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Stroke

Resveratrol Preconditioning Induces a Novel Extended Window of Ischemic Tolerance in the Mouse Brain.


PMID 26159789

Abstract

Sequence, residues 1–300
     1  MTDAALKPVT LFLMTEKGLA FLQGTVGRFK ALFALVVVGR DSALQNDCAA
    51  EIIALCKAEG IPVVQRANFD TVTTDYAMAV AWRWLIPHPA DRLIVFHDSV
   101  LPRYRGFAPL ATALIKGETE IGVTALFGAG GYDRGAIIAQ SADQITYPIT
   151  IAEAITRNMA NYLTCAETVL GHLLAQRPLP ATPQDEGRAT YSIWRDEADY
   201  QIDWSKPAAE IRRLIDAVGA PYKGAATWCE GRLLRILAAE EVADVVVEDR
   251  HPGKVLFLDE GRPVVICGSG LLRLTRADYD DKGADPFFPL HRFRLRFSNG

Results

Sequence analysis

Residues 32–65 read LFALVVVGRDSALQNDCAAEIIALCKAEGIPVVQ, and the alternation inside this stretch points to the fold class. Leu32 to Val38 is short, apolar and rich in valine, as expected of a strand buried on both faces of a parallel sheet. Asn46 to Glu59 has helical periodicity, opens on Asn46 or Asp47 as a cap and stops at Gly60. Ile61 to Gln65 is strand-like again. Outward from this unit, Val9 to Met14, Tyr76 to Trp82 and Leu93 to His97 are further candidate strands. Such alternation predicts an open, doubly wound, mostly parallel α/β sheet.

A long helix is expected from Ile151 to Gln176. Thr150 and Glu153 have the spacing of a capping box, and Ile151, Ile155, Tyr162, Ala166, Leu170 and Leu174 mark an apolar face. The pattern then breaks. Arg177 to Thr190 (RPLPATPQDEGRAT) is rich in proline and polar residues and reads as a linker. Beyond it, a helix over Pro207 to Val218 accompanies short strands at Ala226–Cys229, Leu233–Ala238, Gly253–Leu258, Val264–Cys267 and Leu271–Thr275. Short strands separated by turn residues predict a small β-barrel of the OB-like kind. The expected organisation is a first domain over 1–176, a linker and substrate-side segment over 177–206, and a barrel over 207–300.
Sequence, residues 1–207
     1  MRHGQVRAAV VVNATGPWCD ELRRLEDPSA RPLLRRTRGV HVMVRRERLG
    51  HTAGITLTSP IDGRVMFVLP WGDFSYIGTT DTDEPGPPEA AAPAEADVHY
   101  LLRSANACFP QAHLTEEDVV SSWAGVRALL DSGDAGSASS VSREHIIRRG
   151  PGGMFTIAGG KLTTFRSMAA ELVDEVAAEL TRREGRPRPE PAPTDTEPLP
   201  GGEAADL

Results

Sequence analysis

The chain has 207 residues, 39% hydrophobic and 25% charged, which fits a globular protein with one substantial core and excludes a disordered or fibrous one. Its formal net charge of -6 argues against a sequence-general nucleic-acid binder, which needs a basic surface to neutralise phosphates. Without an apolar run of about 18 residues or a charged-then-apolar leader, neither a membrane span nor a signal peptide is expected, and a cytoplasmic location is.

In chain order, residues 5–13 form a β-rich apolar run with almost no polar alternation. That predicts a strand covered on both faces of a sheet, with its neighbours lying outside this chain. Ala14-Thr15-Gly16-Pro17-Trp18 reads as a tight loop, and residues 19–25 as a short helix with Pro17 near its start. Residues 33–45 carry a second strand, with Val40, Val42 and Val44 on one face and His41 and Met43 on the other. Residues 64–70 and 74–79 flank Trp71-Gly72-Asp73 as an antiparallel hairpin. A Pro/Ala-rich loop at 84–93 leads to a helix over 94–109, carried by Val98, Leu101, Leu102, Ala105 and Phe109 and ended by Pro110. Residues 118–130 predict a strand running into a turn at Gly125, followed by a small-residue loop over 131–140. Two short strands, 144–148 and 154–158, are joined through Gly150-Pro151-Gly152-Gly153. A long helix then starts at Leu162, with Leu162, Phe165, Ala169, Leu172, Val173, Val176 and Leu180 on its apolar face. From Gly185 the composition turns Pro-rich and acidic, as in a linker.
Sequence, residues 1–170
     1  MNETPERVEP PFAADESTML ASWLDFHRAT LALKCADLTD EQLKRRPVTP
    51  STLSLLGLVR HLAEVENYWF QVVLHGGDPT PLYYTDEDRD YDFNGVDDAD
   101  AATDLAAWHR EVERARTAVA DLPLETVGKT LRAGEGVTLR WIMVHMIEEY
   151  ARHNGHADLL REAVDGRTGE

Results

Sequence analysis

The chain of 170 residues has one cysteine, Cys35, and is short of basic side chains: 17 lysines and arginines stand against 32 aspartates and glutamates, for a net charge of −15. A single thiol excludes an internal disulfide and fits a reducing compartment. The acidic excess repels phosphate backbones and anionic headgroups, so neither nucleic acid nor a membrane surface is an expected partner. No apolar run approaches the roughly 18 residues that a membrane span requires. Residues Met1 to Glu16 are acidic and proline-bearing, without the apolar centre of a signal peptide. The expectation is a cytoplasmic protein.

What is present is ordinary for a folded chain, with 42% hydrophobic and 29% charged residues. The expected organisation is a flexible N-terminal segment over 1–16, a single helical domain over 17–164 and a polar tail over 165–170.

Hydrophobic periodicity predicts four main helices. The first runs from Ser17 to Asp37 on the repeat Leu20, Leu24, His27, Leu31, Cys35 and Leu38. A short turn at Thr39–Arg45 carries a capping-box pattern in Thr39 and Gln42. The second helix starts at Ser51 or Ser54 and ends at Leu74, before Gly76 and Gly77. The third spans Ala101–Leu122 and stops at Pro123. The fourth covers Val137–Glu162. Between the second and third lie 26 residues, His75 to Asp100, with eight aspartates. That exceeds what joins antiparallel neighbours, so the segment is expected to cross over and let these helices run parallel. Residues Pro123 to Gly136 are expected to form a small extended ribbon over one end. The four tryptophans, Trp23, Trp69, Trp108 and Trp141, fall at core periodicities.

Prophylactic treatments that afford neuroprotection against stroke may emerge from the field of preconditioning. Resveratrol mimics ischemic preconditioning, reducing ischemic brain injury when administered 2 days before global ischemia in rats. This protection is linked to silent information regulator 2 homologue 1 (Sirt1) and enhanced mitochondrial function possibly through its repression of uncoupling protein 2. Brain-derived neurotrophic factor (BDNF) is another neuroprotective protein associated with Sirt1. In this study, we sought to identify the conditions of resveratrol preconditioning (RPC) that most robustly induce neuroprotection against focal ischemia in mice. We tested 4 different RPC paradigms against a middle cerebral artery occlusion model of stroke. Infarct volume and neurological score were calculated 24 hours after middle cerebral artery occlusion. Sirt1-chromatin binding was evaluated by ChIP-qPCR. Percoll gradients were used to isolate synaptic fractions, and changes in protein expression were determined via Western blot analysis. BDNF concentration was measured using a BDNF-specific ELISA assay. Although repetitive RPC induced neuroprotection from middle cerebral artery occlusion, strikingly one application of RPC 14 days before middle cerebral artery occlusion showed the most robust protection, reducing infarct volume by 33% and improving neurological score by 28%. Fourteen days after RPC, Sirt1 protein was increased 1.5-fold and differentially bound to the uncoupling protein 2 and BDNF promoter regions. Accordingly, synaptic uncoupling protein 2 level decreased by 23% and cortical BDNF concentration increased 26%. RPC induces a novel extended window of ischemic tolerance in the brain that lasts for at least 14 days. Our data suggest that this tolerance may be mediated by Sirt1 through upregulation of BDNF and downregulation of uncoupling protein 2.